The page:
According to Grenville, Langkawi is today used as a ‘visa run’ destination for yachts but that will probably soon no longer be necessary as the improvement of the regulatory environment is under way.
     “Any yacht (motor or sail) is granted a six-month stay in Thailand without being imported. That can be extended for a further six months. After that period the boat must either leave the country or be imported. In reality, many boats make the Langkawi run and then return with a new six month stay,” Grenville explains. More complicated are the immigration rules, allowing only one month stay for the skipper and crew.
     “Charter in Thailand is already competitive. The problem has been lack of boats/operators,” he says.
     However, with the tax reduction this is changing quickly now.
     “It has made owning a boat in Thailand and keeping it under Thai flag much more appealing. The charter industry is the one sector that has responded quickly with quite a number of new boats being imported to Thailand,” says Håkan who, having before put emphasis on Singapore and Malaysia will now open his new office in Phuket coinciding with PIMEX.
     “As a boating destination Thailand has the best overall package to offer to boaters and that is the main reason for yacht sales and service companies to establish a presence in Thailand.”
     For PIMEX and also the Royal Phuket Marina (RPM), a residential and leisure marina aiming at making the island Asia’s boating capital, the tax reduction and the Thai government’s new direction to promote marine tourism came with perfect timing.
     “Both were conceived before there was any indication that taxes and regulations would be eased,” says Grenville and referring to himself, “it may seem that both Gulu Lalvani (who conceived RPM) and Grenville Fordham were gifted with mystical foresight.”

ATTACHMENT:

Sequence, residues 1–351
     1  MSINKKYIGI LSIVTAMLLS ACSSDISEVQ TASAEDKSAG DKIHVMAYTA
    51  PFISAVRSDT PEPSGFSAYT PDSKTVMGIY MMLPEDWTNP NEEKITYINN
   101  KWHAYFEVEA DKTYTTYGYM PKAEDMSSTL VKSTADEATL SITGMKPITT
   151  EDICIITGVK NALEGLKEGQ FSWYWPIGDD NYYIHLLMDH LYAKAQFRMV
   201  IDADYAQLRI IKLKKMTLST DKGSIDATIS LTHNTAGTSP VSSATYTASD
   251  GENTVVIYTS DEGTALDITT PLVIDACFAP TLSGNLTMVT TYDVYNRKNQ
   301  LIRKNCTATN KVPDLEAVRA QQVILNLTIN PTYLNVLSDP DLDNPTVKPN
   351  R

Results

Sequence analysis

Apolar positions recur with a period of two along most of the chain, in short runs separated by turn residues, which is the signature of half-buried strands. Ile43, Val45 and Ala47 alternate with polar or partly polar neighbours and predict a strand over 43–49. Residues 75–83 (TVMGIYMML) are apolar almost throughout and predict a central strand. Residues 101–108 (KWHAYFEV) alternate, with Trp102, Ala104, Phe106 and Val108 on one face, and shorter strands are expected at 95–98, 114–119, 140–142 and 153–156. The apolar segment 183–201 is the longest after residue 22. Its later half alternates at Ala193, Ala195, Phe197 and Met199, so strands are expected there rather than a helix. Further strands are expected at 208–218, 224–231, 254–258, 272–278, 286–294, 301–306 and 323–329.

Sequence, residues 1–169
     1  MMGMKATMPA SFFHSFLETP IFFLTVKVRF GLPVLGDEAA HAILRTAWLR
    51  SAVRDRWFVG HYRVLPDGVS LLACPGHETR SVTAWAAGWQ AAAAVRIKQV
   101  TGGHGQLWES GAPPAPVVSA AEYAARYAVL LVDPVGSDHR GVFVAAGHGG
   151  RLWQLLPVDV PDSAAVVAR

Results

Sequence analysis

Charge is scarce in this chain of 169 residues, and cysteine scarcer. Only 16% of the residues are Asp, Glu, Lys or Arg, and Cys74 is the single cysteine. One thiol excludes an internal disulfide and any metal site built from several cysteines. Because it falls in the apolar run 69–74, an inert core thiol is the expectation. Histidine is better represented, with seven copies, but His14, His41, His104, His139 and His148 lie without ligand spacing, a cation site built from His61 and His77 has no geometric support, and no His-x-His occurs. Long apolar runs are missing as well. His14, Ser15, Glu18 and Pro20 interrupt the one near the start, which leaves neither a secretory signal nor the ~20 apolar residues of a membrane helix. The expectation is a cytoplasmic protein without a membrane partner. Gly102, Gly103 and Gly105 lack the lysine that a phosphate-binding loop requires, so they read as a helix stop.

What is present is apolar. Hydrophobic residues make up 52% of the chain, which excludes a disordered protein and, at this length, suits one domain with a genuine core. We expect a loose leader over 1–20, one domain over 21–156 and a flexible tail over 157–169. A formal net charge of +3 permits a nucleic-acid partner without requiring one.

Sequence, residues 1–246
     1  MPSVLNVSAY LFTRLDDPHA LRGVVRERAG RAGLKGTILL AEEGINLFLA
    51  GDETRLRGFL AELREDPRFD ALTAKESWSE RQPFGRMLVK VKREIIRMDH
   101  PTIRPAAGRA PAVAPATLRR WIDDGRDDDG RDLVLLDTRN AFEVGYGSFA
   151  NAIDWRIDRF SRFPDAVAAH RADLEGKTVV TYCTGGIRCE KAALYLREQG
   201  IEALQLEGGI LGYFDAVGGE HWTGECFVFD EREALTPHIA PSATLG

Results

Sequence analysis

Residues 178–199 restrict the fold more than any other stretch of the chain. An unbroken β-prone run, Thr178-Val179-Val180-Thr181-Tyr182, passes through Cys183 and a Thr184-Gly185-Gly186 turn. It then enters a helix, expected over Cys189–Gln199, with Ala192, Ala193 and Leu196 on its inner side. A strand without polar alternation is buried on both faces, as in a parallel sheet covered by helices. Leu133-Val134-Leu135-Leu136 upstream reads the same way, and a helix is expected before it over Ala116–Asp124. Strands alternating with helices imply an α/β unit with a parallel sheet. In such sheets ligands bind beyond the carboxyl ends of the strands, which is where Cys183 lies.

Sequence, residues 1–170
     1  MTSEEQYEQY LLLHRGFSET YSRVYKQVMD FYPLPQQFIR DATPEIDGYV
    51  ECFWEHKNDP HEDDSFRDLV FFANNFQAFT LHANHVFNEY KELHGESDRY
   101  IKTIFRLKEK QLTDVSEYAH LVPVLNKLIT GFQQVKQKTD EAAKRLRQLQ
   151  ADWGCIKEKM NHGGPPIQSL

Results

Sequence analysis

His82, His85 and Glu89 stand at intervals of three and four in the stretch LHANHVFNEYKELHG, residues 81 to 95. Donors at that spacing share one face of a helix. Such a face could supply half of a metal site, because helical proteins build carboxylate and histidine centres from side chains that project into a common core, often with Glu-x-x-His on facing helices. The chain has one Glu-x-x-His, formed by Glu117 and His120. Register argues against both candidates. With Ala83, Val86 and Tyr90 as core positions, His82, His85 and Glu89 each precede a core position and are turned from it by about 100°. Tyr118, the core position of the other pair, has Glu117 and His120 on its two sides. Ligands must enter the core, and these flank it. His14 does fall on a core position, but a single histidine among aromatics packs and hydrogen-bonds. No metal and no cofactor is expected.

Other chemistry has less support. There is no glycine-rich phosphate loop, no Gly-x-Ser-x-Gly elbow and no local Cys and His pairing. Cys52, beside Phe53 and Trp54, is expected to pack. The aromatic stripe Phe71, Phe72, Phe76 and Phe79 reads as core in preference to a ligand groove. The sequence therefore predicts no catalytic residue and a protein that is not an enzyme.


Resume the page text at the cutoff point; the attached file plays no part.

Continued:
“It was mainly a big hole and we decided to take the plunge/risk and try to stage a show here.”
     In terms of facilities, new marinas are critical to the exponential growth of a marine tourism industry, according to Grenville.
     “Major international yacht charter companies will not operate without marinas. The challenge is to overtake demand. RPM will almost certainly be full the moment it opens. It will take two or three more marinas in Phuket before capacity begins to exceed demand.”
     Also a series of small, municipal marinas spread throughout the most popular cruising areas will be needed.
     “As the high season is just beginning, the marinas that are currently operating are 100 percent full. However, the new (RPM) will be opening its gates towards the end of the year and some 80 new berths will be available, primarily for its residents,” says Håkan. Several new marinas are also being developed in various parts of Thailand.
     When asked about the target groups he says that the majority of boat owners in Asia today are non Asian and that the market is quite saturated. There is also quite a flow of people who are settling down in Phuket with a second home and one of the first things they want after their house is completed is a boat.
     “We meet a wide variety of potential customers and some are very experienced and know exactly what they want and others need a lot of guidance and time to feel sure they are getting the right boat for their current needs. However, the future market is local and there is a new generation that through their overseas studies has been exposed to boating and they are now moving up the ladder and want to take up boating as a life style in their home country.”